When smart and sustainable cities fall short on the human aspect, cities may see only a certain type of demography staying in the city or, at night you will not find many people venturing out because it is unsafe. Pickpocketing and even battery can happen frequently. But when a city is designed around its people, then there would be well-lit covered walkways, close circuit cameras cover most aspects and there will not be any dead-zone or dark areas that are not frequented. Having a safe and conducive environment is not only needed for living, but for economic prosperity at the same time.

Where there is a strong feedback culture by the citizen who can give feedback without fear or favor, designs, maintenance and management can then respond effectively to their feedback. 

But when a city is designed around its people, then there would be well-lit covered walkways, close circuit cameras cover most aspects and there will not be any dead-zone or dark areas that are not frequented

This means that the area managers and facilities management is listening and delight factor and liveability goes up. This then sparks more people to give feedback, improving the quality of life of the people in the cities. It can also be used as a political tool whereby Politicians will be able to know the pulse and sentiments of these people staying in the ward, the response of facilities managers and vendors as well as how to improve the liveability of the space.Another good example would be having CCTV cameras linked up in an Integrated Command and Control Centre (iC3). iC3 concepts are not new and have been around for several decades. But the news iC3 are more digitally inclined and connected with IoT sensors. Response time, tracking of perpetrators, and monitoring spaces in cities become easier with video analytic layers and a strong infrastructure outlay such as 5G.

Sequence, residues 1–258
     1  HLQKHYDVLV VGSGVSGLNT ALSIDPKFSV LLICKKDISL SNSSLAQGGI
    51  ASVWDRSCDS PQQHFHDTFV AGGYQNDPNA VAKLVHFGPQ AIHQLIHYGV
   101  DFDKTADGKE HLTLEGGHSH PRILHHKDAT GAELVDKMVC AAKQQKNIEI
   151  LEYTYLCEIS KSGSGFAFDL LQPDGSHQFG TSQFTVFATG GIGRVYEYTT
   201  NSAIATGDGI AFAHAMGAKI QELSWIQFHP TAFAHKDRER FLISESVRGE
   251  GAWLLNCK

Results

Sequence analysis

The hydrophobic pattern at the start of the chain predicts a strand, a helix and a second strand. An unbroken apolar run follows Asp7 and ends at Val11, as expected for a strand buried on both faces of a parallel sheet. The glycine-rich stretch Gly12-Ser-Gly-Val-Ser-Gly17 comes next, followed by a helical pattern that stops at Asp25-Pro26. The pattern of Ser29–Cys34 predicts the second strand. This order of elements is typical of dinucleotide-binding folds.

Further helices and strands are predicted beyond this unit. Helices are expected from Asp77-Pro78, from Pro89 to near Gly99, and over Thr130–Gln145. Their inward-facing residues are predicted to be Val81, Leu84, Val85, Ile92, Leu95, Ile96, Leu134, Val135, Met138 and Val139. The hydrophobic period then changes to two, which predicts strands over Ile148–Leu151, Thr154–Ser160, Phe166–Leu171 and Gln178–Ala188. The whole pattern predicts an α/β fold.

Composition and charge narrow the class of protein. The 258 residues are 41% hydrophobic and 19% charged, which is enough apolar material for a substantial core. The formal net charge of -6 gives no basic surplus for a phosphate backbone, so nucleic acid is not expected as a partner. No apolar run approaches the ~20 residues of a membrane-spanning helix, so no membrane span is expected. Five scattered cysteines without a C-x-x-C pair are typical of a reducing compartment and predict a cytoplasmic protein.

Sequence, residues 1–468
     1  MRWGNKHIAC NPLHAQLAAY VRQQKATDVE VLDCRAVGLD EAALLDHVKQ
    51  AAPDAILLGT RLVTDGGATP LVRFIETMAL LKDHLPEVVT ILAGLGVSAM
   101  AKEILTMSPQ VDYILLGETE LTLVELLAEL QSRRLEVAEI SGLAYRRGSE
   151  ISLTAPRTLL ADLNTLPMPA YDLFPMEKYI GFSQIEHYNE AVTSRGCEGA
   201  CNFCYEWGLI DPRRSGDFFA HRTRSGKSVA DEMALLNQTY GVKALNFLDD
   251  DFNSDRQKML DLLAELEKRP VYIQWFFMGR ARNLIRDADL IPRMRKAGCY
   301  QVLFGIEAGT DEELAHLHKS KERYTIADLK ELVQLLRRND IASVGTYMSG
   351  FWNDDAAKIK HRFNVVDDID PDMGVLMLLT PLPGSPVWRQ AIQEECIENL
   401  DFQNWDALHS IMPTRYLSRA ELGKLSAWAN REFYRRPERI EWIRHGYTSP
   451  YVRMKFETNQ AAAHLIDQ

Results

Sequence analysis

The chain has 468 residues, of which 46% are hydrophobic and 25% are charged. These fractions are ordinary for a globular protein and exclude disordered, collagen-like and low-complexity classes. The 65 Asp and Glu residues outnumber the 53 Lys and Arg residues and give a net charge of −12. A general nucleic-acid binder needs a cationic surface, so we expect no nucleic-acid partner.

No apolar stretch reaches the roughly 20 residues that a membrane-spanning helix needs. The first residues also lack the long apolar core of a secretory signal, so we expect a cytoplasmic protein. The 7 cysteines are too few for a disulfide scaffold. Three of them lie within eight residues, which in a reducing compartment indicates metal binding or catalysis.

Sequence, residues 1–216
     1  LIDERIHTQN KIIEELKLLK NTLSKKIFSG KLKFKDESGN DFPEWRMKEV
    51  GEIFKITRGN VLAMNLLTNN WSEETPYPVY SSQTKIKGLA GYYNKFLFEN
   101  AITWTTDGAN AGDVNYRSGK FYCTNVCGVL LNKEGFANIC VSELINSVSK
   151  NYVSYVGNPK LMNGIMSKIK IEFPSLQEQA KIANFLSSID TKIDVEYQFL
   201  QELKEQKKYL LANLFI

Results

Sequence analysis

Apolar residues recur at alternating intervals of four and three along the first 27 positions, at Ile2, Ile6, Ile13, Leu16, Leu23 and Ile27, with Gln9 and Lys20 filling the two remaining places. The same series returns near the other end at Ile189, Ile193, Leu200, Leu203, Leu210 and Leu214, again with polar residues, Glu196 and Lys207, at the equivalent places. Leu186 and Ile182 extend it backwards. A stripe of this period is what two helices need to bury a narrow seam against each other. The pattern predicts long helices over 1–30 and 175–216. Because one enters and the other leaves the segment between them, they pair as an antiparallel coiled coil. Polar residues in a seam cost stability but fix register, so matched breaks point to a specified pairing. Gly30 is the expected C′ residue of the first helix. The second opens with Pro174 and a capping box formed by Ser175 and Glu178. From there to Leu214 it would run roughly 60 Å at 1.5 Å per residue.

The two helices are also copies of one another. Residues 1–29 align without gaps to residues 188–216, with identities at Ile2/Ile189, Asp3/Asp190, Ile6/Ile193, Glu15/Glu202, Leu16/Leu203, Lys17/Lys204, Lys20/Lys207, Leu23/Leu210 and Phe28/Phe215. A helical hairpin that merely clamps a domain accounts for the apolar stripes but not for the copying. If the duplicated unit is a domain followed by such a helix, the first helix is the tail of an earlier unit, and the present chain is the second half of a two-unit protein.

City Feedback Management

In all Smart and Sustainable Cities, there is a need for a strong feedback culture that will form the sentimental analysis of citizens living in these cities. This can be in the form of a 24 x7 call center or an application that can take into account remote feedback with photographs by the citizens. It would be a simple “snap and send” and the application will do the rest to monitor when the feedback was sent, when the maintenance crew received the notification, and how long it took to repair and address the feedback.

Such a feedback system is important because it takes the direct feedback from citizens wholesale into the Common Data Environment (CDE) platform to be processed. It is the best source of data once can have to analyze and monitor response time by vendors. This shall also form the premise of good performing contractors and maintenance vendors who have a good maintenance and response strategy by having a shorter response and delivery time.

However, at times, feedback doesn’t come into the CDE as we want them to be. For instance, they may not be categorized properly by the call iC3 personnel or, they may be entered incorrectly. This will cause our data engineers much time and effort to “clean” the data so that it can be more usable. What can be done is to have a Natural Language Processing layer to assist in categorizing the feedback properly so that the data can be used better. This would bring in the discipline of data scientists and data engineers into smart and sustainable cities management, providing more job opportunities for people to retool and re-skill and perhaps upgrade themselves.